Low Cost Wave Tank
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Wave tank time costs money. The Berkeley Wave Tank (circa 1930's), which is basically a long narrow tank designed for pull testing of ship hulls costs about $1500/day. A more modern wave tank costs $10,000/day. At these expense rates, the question arises "can we build our own wave tank, get useful results and still achieve significant cost savings?" This article explores several low cost wave tank alternatives that are geared toward testing seastead designs.
To date, four basic low cost concepts have emerged:
- Large Aquarium Tank. A large 125 gallon aquarium tank is long and narrow and might be suitable for some wave tank testing.
- Swimming Pool. A swimming pool of the right shape and depth might be adaptable to wave tank usage.
- Dig a Ditch. A ditch can be dug in the ground and lined with plastic.
- Water Trough. An above ground trough is filled with water.
These four designs are explored futher below.
A wave tank requires the following:
- Rectangular tank
- Wave generator
- Test cell.
- Wave absorber.
- Data recording section.
A rectangular tank is optimized for analyzing waves in one dimension. Waves are generated at one end, propagate down the tank and are absorbed at the other end. A square tank allows for the generation of waves in 2 dimensions, but probably costs too much.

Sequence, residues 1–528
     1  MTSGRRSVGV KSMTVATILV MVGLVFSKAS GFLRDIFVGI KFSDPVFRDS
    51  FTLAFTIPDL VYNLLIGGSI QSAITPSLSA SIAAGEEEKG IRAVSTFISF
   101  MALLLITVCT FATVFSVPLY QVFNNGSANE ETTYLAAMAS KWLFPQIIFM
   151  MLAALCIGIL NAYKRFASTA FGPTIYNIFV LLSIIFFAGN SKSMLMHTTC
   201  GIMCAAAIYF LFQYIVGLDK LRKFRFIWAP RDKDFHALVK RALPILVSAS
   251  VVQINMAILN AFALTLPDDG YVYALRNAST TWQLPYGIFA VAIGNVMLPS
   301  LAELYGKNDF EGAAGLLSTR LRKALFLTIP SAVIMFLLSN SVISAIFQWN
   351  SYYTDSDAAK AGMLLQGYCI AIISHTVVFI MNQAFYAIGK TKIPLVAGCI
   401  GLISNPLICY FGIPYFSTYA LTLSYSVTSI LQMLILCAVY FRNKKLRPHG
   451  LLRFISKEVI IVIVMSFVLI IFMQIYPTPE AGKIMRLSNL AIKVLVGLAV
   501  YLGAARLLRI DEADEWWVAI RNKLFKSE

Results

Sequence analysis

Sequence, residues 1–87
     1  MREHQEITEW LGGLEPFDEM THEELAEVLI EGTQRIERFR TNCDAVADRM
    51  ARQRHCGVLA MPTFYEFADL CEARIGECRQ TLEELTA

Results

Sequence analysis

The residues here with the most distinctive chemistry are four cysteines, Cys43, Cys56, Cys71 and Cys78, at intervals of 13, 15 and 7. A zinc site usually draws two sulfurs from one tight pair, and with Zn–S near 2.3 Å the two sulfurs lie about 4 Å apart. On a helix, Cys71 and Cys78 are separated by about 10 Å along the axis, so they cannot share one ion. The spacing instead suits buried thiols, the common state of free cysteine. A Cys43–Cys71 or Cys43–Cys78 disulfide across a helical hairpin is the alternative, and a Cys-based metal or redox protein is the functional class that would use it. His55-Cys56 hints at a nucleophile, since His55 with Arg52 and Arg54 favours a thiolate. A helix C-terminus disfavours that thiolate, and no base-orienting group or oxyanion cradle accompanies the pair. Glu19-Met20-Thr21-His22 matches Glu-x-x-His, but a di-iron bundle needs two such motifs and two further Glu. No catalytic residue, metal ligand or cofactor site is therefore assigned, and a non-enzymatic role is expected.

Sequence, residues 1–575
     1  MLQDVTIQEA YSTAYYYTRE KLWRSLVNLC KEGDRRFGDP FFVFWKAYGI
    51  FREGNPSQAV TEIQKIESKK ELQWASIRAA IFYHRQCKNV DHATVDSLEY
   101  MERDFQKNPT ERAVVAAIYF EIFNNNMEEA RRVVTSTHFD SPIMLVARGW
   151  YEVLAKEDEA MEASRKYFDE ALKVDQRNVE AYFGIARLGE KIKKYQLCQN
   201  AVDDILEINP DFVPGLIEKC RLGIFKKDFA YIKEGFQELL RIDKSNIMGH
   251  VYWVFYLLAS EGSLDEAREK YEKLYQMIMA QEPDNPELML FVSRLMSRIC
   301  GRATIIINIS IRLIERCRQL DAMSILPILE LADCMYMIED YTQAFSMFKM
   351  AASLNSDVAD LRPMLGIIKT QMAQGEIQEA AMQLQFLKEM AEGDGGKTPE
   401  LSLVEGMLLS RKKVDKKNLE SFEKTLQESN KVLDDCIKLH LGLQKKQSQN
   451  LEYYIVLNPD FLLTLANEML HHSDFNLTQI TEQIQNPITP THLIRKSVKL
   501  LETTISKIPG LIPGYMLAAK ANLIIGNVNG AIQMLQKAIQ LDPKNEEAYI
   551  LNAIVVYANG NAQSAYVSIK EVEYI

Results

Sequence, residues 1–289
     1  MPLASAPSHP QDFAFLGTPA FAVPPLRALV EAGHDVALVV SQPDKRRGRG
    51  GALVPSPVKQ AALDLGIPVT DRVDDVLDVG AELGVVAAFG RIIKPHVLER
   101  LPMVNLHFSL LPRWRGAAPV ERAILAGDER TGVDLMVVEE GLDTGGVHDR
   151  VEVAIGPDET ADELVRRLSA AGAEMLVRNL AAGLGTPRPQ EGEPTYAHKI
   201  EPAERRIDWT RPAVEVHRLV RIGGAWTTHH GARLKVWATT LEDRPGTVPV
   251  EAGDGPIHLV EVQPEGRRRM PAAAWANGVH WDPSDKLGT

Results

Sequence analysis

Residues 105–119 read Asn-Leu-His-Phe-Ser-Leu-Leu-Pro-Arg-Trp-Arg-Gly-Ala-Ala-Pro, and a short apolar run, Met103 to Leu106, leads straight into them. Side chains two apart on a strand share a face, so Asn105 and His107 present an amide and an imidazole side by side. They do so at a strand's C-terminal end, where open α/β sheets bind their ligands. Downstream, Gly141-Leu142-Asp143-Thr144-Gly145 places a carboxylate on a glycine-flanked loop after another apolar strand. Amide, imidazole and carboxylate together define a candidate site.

A sophisticated wave generator is capable of producing just about any wave form imaginable. For a low cost wave tank, being able to generate sinusoidal waves with a known period and amplitude is probably sufficient. The wave generator is basically a paddle attached to the bottom of the tank on a hinge. A motor attached to a crank can be used to generate waves. The larger the crank radius, the higher the wave amplitude. The wave period depends upon motor speed.
Having said all of that, an alternative to a motor and crank is to simply have a human grab the paddle and generate waves as by hand or leg power. The amplitude and period may not be perfect, but they may be good enough to get the job done.
The test cell is the location where the model is inserted. This is where any visual observation window is placed. Any test equipment is placed here as well.
When the wave hits the other end of the tank, it has a tendency to be reflected back. The back reflections can mess up the test run. To avoid the back reflections, a shallow ramp is placed at the end of the wave tank to break the waves. The shallow ramp typically has some "bumps" in it to help break the waves up more.
Data Recording Section
The purpose of a wave tank is to measure the behavior a model is placed in the test cell. While looking at the model behavior provides a subjective understanding, collecting quantitative data provides a more object understanding of what is going on.
All of the low cost designs under consideration use the same basic data collection system. A low cost color video camera is set up to record a video stream. Three LED's (red, green and blue) are attached to the top of the model under test and illuminated. The video camera is arranged to have a split view via some mirrors. The split views provide a stereoscopic view of the model under test. The left and right views are both recorded in the camera frame so that there is no issue with frame synchronization. Software digitizes each frame to identify the X/Y location of each LED in each view. Stereoscopic math is used to identify the model position and orientation for each frame. Using adjacent frames it is possible to compute velocities and accelerations.